Kondraty Ryleyev was sentenced to be hanged for his part in an unsuccessful uprising
against the Russian czar Nicholas I in December 1825. But the rope broke and Ryleyev,
bruised and battered, fell to the ground, got up, and said, "In Russia they do not
know how to do anything properly, not even how to make a rope." An accident of this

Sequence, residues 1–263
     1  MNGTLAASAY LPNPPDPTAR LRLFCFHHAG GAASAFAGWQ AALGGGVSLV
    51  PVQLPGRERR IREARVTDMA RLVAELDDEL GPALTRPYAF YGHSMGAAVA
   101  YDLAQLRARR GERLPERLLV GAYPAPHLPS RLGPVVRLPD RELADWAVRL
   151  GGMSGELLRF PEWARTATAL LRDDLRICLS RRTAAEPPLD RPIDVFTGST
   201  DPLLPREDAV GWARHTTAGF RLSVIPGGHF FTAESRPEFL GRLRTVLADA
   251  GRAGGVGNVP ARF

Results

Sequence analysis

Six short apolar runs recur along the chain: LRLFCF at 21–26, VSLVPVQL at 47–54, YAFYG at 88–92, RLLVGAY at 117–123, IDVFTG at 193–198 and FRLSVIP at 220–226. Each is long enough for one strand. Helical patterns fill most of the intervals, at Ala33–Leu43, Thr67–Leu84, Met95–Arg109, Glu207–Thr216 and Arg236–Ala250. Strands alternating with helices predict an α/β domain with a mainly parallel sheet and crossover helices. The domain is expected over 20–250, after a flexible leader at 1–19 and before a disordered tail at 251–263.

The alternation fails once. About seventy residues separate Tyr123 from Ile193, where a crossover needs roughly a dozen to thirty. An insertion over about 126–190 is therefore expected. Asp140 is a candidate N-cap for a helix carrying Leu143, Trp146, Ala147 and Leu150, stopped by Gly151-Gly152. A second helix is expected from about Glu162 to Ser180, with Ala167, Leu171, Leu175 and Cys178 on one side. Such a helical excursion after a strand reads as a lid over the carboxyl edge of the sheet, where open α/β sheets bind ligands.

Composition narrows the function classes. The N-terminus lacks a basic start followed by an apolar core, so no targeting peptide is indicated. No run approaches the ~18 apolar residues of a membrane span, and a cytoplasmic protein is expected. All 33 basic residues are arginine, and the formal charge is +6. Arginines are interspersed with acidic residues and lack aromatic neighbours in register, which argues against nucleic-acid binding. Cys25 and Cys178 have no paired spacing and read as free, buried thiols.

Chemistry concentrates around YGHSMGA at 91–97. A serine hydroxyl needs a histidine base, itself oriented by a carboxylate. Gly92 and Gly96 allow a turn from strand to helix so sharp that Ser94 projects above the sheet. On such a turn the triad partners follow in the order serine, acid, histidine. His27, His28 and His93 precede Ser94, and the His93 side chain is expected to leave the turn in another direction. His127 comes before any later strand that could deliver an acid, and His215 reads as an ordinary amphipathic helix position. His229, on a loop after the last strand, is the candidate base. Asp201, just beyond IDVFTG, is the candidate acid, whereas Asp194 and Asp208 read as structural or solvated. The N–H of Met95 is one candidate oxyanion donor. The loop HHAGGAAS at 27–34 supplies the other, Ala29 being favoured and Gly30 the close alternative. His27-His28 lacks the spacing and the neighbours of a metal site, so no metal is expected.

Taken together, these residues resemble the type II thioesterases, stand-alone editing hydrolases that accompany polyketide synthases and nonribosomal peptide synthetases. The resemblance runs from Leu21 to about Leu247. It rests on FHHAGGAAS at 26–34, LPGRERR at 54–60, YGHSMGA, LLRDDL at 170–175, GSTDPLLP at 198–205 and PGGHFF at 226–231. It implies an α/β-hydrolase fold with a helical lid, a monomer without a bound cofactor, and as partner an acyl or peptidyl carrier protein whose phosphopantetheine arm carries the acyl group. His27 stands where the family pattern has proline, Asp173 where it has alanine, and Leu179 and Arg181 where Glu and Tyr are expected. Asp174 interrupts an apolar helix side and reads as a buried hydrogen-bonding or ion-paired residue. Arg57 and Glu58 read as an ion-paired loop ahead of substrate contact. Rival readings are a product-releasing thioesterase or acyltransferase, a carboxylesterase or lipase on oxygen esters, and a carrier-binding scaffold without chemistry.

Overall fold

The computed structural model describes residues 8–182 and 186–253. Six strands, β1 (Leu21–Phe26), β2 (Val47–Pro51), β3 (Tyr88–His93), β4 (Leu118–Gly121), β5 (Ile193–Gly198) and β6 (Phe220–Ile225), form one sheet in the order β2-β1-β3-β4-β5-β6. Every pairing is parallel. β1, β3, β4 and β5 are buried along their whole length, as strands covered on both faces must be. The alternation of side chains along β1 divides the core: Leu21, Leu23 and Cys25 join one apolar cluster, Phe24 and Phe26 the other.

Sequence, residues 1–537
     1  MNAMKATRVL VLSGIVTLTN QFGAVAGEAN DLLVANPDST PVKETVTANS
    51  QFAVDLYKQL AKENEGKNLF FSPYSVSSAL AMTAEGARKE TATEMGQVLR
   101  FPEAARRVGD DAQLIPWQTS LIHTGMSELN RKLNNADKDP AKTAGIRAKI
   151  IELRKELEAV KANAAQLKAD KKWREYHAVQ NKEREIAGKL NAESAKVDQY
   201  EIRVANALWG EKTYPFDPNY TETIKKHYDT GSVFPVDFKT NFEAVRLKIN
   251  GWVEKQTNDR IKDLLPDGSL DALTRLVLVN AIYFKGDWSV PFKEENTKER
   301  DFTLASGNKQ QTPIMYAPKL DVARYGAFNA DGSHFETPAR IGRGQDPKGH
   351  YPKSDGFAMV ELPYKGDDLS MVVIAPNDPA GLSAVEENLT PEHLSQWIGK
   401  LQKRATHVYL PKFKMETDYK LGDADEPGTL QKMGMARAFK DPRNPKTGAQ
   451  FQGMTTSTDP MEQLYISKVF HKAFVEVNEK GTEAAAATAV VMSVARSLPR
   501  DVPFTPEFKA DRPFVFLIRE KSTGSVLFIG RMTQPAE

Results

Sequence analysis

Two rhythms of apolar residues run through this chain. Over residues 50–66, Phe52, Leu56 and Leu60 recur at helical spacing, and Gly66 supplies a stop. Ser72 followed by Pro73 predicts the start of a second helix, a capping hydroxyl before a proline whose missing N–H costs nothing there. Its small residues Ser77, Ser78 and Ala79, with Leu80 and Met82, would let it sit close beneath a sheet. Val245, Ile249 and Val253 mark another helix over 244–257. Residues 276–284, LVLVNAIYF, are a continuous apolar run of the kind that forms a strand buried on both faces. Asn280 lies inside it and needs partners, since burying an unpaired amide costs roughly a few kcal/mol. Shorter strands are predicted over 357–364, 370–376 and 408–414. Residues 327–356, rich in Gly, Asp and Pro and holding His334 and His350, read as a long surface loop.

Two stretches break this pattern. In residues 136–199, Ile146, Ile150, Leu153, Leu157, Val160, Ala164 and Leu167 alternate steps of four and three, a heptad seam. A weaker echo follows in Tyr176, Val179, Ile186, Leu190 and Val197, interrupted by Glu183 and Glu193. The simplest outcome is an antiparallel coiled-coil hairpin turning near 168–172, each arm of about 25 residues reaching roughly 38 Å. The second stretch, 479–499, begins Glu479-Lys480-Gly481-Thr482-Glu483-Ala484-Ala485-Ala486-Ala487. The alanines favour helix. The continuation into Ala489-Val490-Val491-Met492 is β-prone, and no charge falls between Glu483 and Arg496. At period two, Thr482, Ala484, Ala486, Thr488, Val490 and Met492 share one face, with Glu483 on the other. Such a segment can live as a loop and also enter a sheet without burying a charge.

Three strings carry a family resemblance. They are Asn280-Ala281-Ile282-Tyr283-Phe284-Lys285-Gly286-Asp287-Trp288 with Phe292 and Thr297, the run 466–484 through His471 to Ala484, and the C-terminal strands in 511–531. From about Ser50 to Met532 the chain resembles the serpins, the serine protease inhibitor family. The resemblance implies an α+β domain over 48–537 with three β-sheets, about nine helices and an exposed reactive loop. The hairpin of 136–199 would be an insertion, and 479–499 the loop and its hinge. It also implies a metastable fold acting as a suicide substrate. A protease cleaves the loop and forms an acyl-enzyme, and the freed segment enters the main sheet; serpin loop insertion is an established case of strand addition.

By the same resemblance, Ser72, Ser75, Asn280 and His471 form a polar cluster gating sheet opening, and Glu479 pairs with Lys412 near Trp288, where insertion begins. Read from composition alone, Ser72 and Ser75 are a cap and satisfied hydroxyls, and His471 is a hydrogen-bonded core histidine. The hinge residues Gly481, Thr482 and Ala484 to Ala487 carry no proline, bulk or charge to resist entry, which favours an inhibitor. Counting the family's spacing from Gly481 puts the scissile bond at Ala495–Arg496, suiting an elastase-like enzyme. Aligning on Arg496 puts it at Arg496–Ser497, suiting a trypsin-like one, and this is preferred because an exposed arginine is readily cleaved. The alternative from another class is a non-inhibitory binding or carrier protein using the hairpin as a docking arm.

sort usually resulted in a pardon, so a messenger was sent to the czar to know his
pleasure. Nicholas asked, "What did he say?" "Sire, he said that in Russia
they do not even know how to make a rope properly." "Well, let the contrary be
proved," said the czar.
Today in the Word, March 13, 1993.